“... isn’t it fascinating to think that probably the only laugh that man will ever get in his life is by stripping off and showing his shortcomings?”

If I have done nothing more than make you laugh at my shortcomings, Dear Reader, I will be a happy man.

Ta for now.

Related reading:
And in the spirit of self-indulgence, I have collected a few pieces on cognate topics below—some obscure, some less so—which you may find amusing, informative, or both. If you do not, feel free to leave your criticisms and suggestions in the Comments section following. (Oops.)

On pseudonymity: Do You Trust Me? (February 23, 2011)
On my writing habits and philosophy: Fragments (February 26, 2010)
On my appalling wordiness: A Tedious Argument of Insidious Intent (May 6, 2007)
On this blog’s founding mythos: Molon Labe (September 1, 2008)
On my occasional descent into naughty language: Not Safe for Work (April 25, 2008)
On everything else not elsewhere categorized: Welcome to Duloc! (April 21, 2009)

1 Editorial addendum by Mrs. Dealmaker: “Only five years? It seems like ten.” Everybody’s a critic.2
2 Perhaps now you understand why I prohibit comments on this site. Mrs. D does not need any help.

© 2012 The Epicurean Dealmaker. All rights reserved.

Sunday, June 24, 2012

Breakfast in Fur

Meret Oppenheim, Object, 1936
The Cereus, which only blossoms for a night, withers away without any admiration from another in the wilderness of the southern forests; and these forests, receptacles themselves of the most beautiful and luxuriant vegetation, with the richest and most aromatic perfumes, perish and collapse in like manner unenjoyed. The work of art has no such naïve and independent being. It is essentially a question, an address to the responding soul of man, an appeal to affections and intelligence.

— G.W.F. Hegel, The Philosophy of Fine Art1

Peter Aspden has written a piece in the Financial Times which I am still struggling to get my head around. It largely seems to be an unstructured lament about the corruption of art by commerce, but he does make the counterargument that the marketing of consumer goods emblazoned with the words and works of live and dead artists can somehow “be seen as an act of revenge by art on society.” Huh? This seems desperately, even comically wrong to me.

It is true that a number of artists he mentions by name—Jeff Koons, Damien Hirst, etc.—and many he does not have made careers which seem nothing less than performance pieces commenting on the dominance, allure, and corruption of commerce, money, and fame in contemporary society. Their work, and their lives, are grounded in ironic commentary on the place of wealth in society and its effect on the production and consumption of art, mediated through alternately hostile scorn for and obsequious subservience to it. It is a clever and potentially subversive program which I would find more entertaining if the basic subject matter—money, the people who have it, and how they spend it—were less mind-crushingly banal. I would also find its subversiveness more compelling were its practitioners less patently desperate to join the ranks of the plutocracy they mock.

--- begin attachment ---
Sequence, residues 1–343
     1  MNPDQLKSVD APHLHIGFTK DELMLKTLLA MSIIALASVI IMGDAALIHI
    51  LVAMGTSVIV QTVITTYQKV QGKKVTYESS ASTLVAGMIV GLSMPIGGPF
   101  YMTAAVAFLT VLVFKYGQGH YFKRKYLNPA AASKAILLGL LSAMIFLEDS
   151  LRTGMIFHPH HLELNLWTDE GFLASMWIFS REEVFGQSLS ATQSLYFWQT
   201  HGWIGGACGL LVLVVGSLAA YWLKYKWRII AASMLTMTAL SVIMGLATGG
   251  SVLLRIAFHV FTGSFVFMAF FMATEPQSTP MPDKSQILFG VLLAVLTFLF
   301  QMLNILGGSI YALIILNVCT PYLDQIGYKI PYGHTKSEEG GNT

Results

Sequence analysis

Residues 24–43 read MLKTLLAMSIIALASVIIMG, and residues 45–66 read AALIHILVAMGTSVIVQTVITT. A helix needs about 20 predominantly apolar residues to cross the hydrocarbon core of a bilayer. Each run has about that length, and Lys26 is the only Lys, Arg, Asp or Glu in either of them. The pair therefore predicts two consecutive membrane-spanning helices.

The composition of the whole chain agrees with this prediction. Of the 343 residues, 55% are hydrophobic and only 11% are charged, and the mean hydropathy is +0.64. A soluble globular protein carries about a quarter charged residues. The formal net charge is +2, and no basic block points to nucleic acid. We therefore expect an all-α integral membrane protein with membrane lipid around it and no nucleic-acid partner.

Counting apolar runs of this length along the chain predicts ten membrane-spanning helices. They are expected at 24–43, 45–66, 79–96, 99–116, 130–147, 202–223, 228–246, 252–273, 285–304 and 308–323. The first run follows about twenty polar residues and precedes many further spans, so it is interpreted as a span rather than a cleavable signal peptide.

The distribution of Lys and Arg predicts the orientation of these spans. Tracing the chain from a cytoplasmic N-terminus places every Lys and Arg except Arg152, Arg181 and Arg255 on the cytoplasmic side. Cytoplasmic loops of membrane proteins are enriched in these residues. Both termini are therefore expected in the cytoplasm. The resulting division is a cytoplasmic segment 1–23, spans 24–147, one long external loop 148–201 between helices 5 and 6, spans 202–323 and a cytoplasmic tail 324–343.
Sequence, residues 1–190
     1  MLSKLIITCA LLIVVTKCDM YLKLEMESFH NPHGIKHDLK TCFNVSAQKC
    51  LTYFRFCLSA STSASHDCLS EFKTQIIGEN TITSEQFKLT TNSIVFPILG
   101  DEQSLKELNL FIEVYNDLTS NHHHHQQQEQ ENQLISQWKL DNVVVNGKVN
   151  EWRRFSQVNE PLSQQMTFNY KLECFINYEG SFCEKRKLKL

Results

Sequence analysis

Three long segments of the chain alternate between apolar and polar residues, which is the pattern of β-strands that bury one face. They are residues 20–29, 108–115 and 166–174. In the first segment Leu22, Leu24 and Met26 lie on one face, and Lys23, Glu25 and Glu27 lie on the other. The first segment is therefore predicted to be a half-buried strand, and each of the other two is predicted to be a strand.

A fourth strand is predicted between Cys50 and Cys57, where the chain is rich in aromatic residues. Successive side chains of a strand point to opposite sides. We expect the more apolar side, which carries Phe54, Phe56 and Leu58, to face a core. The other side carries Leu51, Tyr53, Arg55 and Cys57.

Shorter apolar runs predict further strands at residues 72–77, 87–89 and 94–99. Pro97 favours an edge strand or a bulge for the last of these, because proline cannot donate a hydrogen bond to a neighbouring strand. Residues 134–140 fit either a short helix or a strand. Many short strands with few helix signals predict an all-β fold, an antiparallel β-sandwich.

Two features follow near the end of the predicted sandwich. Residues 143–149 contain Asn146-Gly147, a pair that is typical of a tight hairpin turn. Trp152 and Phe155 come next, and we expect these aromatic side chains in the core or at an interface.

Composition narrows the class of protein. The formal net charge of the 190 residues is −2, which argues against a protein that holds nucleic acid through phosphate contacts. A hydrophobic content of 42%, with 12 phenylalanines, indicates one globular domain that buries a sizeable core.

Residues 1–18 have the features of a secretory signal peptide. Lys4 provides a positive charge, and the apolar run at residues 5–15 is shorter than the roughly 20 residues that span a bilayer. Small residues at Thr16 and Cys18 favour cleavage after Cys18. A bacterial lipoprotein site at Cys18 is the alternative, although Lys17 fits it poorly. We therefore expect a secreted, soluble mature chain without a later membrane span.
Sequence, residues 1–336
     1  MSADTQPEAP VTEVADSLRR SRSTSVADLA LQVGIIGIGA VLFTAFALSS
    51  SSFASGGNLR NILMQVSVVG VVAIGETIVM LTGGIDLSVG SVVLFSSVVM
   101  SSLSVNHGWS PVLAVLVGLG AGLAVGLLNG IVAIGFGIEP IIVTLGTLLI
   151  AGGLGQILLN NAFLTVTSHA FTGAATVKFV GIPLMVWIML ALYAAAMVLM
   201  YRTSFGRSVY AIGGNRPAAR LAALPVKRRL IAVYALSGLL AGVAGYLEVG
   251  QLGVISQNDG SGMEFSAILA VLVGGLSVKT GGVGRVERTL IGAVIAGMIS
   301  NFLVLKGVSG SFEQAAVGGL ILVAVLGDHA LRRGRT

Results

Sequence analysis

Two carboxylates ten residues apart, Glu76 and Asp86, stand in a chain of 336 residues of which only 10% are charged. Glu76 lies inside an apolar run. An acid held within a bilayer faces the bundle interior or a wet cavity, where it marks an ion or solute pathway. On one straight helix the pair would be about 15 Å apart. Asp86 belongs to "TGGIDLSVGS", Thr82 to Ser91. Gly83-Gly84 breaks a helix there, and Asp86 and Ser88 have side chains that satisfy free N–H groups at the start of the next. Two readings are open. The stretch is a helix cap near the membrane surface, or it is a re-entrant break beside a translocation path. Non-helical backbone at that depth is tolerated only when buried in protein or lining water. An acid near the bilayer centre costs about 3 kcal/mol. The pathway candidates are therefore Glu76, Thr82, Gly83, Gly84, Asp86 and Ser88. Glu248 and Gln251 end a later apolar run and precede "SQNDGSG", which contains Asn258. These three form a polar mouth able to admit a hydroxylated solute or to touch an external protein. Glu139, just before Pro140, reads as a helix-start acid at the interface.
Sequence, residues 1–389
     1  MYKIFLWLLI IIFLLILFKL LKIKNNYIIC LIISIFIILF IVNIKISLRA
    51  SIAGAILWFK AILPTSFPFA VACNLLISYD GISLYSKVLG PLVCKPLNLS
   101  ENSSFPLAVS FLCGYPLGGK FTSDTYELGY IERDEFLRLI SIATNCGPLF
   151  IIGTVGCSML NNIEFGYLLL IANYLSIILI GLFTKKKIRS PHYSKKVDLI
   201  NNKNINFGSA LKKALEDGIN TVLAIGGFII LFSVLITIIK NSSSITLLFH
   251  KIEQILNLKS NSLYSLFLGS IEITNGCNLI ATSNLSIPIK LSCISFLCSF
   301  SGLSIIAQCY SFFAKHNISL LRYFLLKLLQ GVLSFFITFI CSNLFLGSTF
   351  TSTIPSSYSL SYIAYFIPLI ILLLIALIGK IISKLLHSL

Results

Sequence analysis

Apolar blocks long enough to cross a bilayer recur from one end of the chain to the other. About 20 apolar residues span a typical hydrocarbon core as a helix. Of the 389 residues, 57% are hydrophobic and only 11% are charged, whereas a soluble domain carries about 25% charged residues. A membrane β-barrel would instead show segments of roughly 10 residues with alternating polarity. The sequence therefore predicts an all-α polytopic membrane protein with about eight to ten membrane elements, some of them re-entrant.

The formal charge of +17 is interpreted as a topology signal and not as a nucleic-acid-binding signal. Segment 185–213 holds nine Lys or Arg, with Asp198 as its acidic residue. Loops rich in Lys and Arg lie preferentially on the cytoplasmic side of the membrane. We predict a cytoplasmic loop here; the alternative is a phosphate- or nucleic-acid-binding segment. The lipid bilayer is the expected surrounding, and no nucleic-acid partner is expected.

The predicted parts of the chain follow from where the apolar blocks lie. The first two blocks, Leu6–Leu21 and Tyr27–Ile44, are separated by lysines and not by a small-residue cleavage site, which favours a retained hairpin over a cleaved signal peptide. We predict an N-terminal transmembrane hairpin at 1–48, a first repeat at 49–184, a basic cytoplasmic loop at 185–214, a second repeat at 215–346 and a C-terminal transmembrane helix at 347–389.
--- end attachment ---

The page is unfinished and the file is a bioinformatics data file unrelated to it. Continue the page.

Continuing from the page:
But Mr. Aspden is exactly wrong if he thinks these court jesters are exacting some sort of revenge on commerce or that they are controlling it in any way. No, they have embraced the Great Whore of Babylon wholeheartedly, and they indulge themselves and their audience with ironic detachment and sarcastic mockery of the creature while they take her coin and enjoy her favors unshamefacedly. They are prostitutes who wink at the spectators while they take their customers’ money. They are in control of their own corruption, no more.

* * *

And commerce has been beating at the doors of art for, oh, approximately forever. Fine artists used to be simple craftsmen, of relatively low social status, who worked for those who could afford to pay them for decorative, nonutilitarian luxury baubles; namely, the rich. Only in relatively recent times did a myth emerge of the artist as some sort of tortured Prometheus, braving Olympian disapproval to bring the fire of wisdom and meaning to the huddled masses. But even then, and even now, fine art only exists at the sufferance of people with so much surplus wealth they can afford to throw it away on rotting shark carcasses and gilded sculptures of Michael Jackson with his chimpanzee.

And the common folk and bourgeoisie have always wanted a little taste of artistic glory too, even if it was no more that a poorly registered print of the Mona Lisa on a postcard. Mr. Aspden himself notes that museums have been selling reproductions of the works of dead artists for decades. Whom does this benefit? Certainly not Leonardo da Vinci or Vincent van Gogh.